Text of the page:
So I strained in cheesecloth. Wait, I didn't have any cheesecloth. Ugh. *strain in cheesecloth if you're willing to fuck up to this extent to enjoy the benefits. I promise, it's soooo worth it* Lined a mixing bowl with several paper towels and literally dumped the mix right in. Covered with plastic and slid it in the refrigerator. Then waited. Then forgot. Then waited again. By the time I was ready, amazingly, the panko was still doing its job, but the mix felt too fragile to hold together. I needed something. A binder and NOT an egg. Something else.

So I added what was right in front of me. Yes, Ms. Lydia, YES!

And there it sat. Just the right amount, with just the right seasoning. Hummus. That lone little bit (about 1/4 cup) of roasted garlic hummus that was just begging to be used. "Don't give up on me!" it piped up in a small voice... "Put me anywhere! I won't let you down.." Oh, little chickpea, you certainly did not.

In it went and I formed four balls. Ready for the skillet.

To be honest, I was unsure of all this. I had gone to all this trouble, tried to be all cute adding the kale and wasn't so sure my m├ęthode de croquettes was going to work out in this instance. Even more terrifying, I may have wasted more potential nutritious ingredients than if I'd forgotten about the dang squash altogether. This had better work. A lot was riding on it. Namely, dinner.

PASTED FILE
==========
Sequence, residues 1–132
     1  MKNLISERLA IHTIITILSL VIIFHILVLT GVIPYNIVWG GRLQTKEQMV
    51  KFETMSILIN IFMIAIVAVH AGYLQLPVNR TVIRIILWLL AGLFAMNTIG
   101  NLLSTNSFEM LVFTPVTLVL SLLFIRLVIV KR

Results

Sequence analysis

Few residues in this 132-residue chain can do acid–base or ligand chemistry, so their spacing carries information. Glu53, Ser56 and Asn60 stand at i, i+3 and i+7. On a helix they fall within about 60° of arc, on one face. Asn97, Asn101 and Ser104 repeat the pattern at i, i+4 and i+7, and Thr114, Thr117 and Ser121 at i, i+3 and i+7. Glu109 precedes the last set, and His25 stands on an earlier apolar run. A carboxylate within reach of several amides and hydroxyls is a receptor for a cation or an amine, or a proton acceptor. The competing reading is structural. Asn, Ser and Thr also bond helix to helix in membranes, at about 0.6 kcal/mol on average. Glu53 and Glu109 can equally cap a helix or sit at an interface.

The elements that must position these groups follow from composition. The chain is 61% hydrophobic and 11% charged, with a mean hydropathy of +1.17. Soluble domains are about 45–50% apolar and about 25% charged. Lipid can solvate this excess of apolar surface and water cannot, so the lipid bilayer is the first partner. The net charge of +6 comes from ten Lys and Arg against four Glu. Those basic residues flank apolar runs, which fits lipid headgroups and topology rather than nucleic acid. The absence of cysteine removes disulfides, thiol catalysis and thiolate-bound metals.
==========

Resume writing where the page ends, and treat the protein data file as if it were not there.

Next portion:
Just to be safe, I called in for reinforcements. One obvious ploy for foolproof decadence. I was going to fry it and fry it well.

Dans le beurre.

Melt some butter (with olive oil to prevent burning) and make sure there is enough to really make it special, with plenty to go around. All croquettes will crisp up beautifully and finish perfectly. Throw some red onion in the cooling pan once the croquettes have been removed and let it soak up all that yummy brown (by now, i'm sure) butter. There's your garnish.

I think this is the best veggie burger I've ever had.... and it's my very own! Simply from the odds and ends of a farmers market run. Gotta write this one down. Oh, right...

I served it up with pan fried butter (Paula, we haven't forgotten you) buns, those fried onions, tomato and romaine with a side of cheddar beer potato chips.  I mean, fuuuuuuuuuck!  Come ON!!!


Many A Little Makes A Mickle

Lately, I've been trying to make a conscious effort to waste very little in the kitchen. I mean, VERY little. Fat gets stored, bones make stock kind of effort.  Taking careful inventory of what's in the freezer and trying to really stretch ingredients as far as they can go. I'm completely obsessed with the need to use something to its bitter end and have come to revere the Great Depression approach to the pantry. It's positively addicting.

So. I've been reading this book. Over and over again. It's called The American Frugal Housewife and Ms. Lydia Maria Child, the lady who wrote it is simply not, in no uncertain terms, fucking around. It's the same woman who penned the poem "Over the River and Through the Woods". A handsome and austere woman whose whipping stick jumps out and threatens you through her portrait.